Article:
ICCS is well known for its excellent line up of keynote speakers. This page will be frequently updated with new names, lecture titles and abstracts.
David Abramson, The University of Queensland, Australia
Translational Computational Science: From The Lab To Practice
Tim Cornwell, Square Kilometre Array Telescope (SKA), UK
A Computational Radio Telescope – The Square Kilometre Array
Petros Koumoutsakos, Swiss Federal Institute of Technology Zurich, Switzerland
The Arrow of Computational Science
J. Stephen Lansing, Nanyang Technological University, Singapore
Islands of Order
Xin-She Yang, Middlesex University London, UK
Nature-Inspired Optimization Algorithms: Learning from Nature
Kári Stefánsson, deCode Genetics, Iceland
Genetics of Common Diseases
The University of Queensland, Australia
Professor David Abramson has been involved in computer architecture and high performance computing research since 1979. He has held appointments at Griffith University, CSIRO, RMIT and Monash University. At CSIRO he was the program leader of the Division of Information Technology High Performance Computing Program, and was also an adjunct Associate Professor at RMIT in Melbourne. He served as a program manager and chief investigator in the Co-operative Research Centre for Intelligent Decisions Systems and the Co-operative Research Centre for Enterprise Distributed Systems. He was the Director of the Monash e-Education Centre and a Professor of Computer Science in the Faculty of Information Technology at Monash University.
Abramson is currently the Director of the Research Computing Centre at the University of Queensland. He is a fellow of the Association for Computing Machinery (ACM) and the Academy of Science and Technological Engineering (ATSE), and a Senior Member of the IEEE.
Translational research is well understood in medicine. Research projects not only target real world problems, but “translate” the solutions into practice. Examples are common and well understood, for example determining how a tumour grows, designing drugs that destroy it, and then testing these in real world studies with patients. The advantages are clear: science is advanced but society benefits in immediate ways. Translational research is less well understood and practiced in computing. All too often, research outcomes are not tested in the real world, and thus while solutions may appear attractive, they fail to be useful.
In this seminar I will discuss a framework that fosters the development of novel computer science, but tests the outcomes in practice. This has been deployed both in the Monash e-Science and Grid Engineering (MeSsAGE) Lab and the University of Queensland Research Computing Centre, (RCC) in which disruptive technologies are trialled in practice. These platforms incorporate a student training component that offers international research internships to undergraduates, and a virtual seminar program that allows local researchers and students to interact with some of the world’s leading experts. Through industry engagement, the platforms also lead to commercial outcomes that have longer term benefits for the research organisations.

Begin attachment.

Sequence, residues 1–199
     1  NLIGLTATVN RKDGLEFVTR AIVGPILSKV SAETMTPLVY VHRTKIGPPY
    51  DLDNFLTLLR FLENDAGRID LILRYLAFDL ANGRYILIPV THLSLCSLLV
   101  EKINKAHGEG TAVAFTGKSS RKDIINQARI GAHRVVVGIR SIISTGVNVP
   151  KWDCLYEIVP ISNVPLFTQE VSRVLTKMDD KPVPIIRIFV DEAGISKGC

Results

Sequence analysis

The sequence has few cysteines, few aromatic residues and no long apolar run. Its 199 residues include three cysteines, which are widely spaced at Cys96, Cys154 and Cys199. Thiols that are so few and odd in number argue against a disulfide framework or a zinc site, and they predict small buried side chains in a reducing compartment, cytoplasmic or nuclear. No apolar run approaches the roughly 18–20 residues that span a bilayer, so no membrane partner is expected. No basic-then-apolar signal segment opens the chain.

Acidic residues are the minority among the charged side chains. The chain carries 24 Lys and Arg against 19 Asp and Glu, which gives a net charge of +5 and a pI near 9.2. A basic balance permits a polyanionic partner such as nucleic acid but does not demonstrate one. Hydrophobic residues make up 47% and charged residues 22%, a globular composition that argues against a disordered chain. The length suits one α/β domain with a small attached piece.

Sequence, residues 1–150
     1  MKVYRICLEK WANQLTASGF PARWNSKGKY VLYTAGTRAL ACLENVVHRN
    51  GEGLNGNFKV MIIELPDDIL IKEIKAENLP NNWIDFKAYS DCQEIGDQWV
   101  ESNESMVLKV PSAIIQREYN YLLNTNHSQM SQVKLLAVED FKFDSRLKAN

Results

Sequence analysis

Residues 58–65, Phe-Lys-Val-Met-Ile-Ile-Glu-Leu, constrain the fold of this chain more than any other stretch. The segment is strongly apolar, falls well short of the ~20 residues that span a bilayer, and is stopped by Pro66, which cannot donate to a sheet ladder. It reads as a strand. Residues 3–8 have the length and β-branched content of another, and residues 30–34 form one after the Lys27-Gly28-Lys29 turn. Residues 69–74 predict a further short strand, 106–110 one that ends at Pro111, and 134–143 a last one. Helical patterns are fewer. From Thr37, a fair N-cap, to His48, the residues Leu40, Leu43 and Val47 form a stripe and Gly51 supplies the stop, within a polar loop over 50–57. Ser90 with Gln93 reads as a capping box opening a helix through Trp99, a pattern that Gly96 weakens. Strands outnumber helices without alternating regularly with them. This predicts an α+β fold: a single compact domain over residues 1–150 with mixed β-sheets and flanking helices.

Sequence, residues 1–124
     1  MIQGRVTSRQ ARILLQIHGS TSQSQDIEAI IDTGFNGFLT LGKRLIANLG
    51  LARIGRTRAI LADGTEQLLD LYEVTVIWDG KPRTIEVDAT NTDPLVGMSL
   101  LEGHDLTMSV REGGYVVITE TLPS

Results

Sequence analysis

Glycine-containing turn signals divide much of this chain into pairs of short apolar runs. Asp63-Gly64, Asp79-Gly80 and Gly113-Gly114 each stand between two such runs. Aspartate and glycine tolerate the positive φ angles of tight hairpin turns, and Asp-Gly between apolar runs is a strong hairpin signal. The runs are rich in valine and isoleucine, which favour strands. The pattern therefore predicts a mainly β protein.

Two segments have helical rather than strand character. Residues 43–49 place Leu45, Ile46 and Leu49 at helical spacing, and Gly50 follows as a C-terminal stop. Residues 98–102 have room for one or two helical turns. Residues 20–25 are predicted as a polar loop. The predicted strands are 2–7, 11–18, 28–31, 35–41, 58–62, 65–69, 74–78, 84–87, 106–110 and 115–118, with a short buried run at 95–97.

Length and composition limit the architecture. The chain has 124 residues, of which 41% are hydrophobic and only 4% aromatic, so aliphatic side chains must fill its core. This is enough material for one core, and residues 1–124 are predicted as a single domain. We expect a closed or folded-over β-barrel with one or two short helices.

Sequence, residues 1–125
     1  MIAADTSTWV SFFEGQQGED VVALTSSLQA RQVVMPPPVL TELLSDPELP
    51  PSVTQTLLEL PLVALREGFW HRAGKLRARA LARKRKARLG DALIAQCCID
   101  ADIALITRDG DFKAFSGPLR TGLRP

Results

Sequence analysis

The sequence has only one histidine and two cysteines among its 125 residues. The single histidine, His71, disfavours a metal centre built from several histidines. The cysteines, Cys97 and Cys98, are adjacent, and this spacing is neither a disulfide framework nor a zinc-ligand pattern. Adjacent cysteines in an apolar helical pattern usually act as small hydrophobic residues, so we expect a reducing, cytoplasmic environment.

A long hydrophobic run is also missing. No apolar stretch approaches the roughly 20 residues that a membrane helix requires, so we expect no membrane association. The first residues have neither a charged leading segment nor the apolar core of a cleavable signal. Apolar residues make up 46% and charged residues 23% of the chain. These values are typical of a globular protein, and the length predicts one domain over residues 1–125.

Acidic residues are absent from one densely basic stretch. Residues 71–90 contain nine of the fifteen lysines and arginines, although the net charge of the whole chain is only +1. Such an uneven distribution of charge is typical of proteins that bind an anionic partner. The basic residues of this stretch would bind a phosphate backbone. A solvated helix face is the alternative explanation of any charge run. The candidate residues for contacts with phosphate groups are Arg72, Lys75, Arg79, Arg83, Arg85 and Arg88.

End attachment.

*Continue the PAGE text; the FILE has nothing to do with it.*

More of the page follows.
Square Kilometre Array Telescope (SKA), UK
WEB 1 & WEB 2
Tim Cornwell has worked at the forefront of radio astronomical technical development for over 35 years. He has a PhD (1980) from the University of Manchester in England where he worked on image processing algorithms for radio synthesis telescopes. His first significant contribution was the development of the self-calibration algorithm widely used in radio astronomy. In 1980, he moved to Socorro, New Mexico to work on the newly completed Very Large Array telescope run by the National Radio Astronomy Observatory. Over the 25 years at the NRAO, he made many contributions to radio astronomical techniques, including the key algorithms needed for wide fields of view: mosaicing wide fields, and w projection for correcting Fresnel diffraction for wide fields. In 1986, he used the CRAY-YMP at Digital Productions to produce the first 16 MPixel radio interferometric image. He also contributed in the areas of telescope design (for the Atacama Large Millimeter Array), telescope commissioning (the Very Long Baseline Array), observatory management, and software development. He has also consulted widely: NASA on the HST Aberration, the US Intelligence Community on approaches to combat terrorism, the Naval Research Laboratory on design of a space borne interferometric array, ESO on the configuration of the VLTI, NASA on the Spaceborne Interferometric Mission, and others.
In 2004, he joined the Square Kilometre Array International Engineering Working Group, primarily to contribute towards computing and algorithms. In this role, together with colleagues from around the world, he conducted systematic investigations of SKA processing costs, SKA software development costs, and SKA software development methodology.
In 2005, he moved from NRAO to the CSIRO Australia Telescope National Facility to take the lead role in computing for the Australia SKA Pathfinder (ASKAP). He was heavily involved in all aspects of the development of ASKAP computing, and most particularly in the provision of high performance computing for the telescope. Within Australia, he served on a number of national committees concerned with the growth of eResearch in Australia.
In 2012, he joined the SKA Organization Office at Jodrell Bank as Head of Computing, responsible for overseeing the architecture of the computing aspects of SKA. In January 2013, he took on the role of SKA Architect with responsibility for the entire technical architecture of SKA.
Throughout his career, Dr. Cornwell has published extensively on multiple research topics. He has also served on numerous Scientific Organizing Committees for international conferences.